One of the main challenges Costain, the contractors working on the project, has faced during construction is enabling the country’s fourth busiest station to continue day to day operations.
And as any commuter can tell you, it has not been without issue its problems.
The Bedford bound Thameslink train has not been able to stop at London Bridge, with Govia Thameslink Railway (GTR) only able to run shuttles to and from Brighton – and then only during off peak.
And because of the disrupted services being sent off to already busy stations such as London Victoria, any issue on the line creates more disruption – up to four times more, it is estimated.
This will change, Mr Hutton promises, as he leads us through the bowels of the station, up ladders and along walkways, before we reach one of the new platforms.
Longer than the neighbouring Shard is high, these are set up for Thameslink’s new 12 carriage Class 700 trains.
At present most of the trains that run the route are made of just eight carriages. The extra space will help the operator put on an extra 1,000 seats during the morning rush.
Back down below the station, minding the many miles of wires and cables as we go, we come up at the pièce de résistance, the concourse.
Despite the cranes, trucks and other assorted machinery littered around, you get a sense of its immense scale.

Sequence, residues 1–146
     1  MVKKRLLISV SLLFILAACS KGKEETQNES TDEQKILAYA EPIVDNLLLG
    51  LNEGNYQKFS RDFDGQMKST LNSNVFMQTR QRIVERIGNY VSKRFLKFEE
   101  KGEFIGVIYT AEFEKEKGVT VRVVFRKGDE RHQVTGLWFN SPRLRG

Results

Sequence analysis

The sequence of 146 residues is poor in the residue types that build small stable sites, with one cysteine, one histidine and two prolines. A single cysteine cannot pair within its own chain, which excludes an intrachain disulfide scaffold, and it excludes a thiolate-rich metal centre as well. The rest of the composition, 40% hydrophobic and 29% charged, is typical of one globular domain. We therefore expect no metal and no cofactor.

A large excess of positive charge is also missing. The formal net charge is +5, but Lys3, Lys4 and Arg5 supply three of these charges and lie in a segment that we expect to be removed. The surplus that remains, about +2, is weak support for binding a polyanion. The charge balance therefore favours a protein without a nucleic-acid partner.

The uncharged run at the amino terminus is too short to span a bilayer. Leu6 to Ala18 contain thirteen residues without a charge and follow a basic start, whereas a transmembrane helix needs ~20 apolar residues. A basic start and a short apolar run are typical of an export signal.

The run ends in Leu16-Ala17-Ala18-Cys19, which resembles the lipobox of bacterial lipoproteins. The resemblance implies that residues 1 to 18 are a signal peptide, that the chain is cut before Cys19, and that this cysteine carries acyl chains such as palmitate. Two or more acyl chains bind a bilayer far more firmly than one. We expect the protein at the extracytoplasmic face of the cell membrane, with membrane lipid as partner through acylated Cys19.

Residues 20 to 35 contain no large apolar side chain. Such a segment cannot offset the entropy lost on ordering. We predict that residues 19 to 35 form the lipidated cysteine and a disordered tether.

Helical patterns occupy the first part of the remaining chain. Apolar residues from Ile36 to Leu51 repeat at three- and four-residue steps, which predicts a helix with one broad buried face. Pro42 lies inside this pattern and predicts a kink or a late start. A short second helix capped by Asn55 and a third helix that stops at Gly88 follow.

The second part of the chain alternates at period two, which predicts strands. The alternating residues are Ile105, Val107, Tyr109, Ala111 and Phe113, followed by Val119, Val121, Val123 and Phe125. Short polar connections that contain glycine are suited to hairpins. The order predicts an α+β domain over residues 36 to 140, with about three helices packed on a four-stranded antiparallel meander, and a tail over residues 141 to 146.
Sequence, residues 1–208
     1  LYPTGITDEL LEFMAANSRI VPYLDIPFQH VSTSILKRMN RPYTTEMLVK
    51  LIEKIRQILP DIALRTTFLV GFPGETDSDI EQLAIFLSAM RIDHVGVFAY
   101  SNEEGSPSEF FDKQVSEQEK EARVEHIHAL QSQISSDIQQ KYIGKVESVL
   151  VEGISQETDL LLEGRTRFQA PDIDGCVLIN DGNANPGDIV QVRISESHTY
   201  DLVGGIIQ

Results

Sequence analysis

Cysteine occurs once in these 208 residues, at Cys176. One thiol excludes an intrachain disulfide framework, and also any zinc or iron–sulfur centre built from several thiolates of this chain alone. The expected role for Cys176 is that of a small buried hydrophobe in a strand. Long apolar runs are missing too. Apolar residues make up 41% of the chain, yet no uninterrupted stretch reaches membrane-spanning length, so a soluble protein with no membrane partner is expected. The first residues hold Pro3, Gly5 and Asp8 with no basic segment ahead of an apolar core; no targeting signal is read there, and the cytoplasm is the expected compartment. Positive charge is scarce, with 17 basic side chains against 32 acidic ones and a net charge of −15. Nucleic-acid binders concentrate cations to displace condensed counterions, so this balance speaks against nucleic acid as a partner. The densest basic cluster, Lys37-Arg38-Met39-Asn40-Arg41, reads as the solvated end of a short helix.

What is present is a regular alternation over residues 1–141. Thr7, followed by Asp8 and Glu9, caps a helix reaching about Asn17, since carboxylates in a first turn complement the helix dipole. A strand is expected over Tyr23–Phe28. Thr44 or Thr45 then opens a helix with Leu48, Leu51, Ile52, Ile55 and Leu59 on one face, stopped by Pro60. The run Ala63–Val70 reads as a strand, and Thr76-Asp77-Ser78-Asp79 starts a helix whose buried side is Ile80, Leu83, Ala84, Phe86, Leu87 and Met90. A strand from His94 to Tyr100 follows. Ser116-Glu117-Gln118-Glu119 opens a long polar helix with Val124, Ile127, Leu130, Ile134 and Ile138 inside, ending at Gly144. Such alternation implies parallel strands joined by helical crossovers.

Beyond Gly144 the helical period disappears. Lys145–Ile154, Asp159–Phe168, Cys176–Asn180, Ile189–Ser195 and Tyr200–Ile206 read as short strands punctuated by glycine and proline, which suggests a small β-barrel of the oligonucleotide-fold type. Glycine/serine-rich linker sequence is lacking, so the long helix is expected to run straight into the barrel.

The concourse is on ground level with all platforms above.
There are 24 new escalators disappearing up into the heavens, space for 70 shops, bars and restaurants and sets of stairs going off into all four corners.
When finished it will increase the capacity of the station by 65 per cent and make London Victoria’s concourse feel like Hove’s.
And it’s not just big, it’s clever as well. The train platforms are built on multiple levels ensuring less of a backlog when there is a problem on the approach.
And look up from the concourse and you see all the undersides of the platforms have cedar wood cladding.
Not only does this break the monotony of the grey concrete, but also dampens the sound from the trains from above.
The great stations of the world are no longer just an arrival or departure point.  They are somewhere to go to shop, to have lunch or to spend an evening.
Case in point is London’s St Pancras, which reopened in 2007 after an £800 million rebuild.
Shoppers head to the station regardless of whether they need to catch a train, just to wander around its designer shops and trendy cafes.
Mr Hutton singled out the station as a comparison, promising a variety of businesses by the time it is finished in 2018.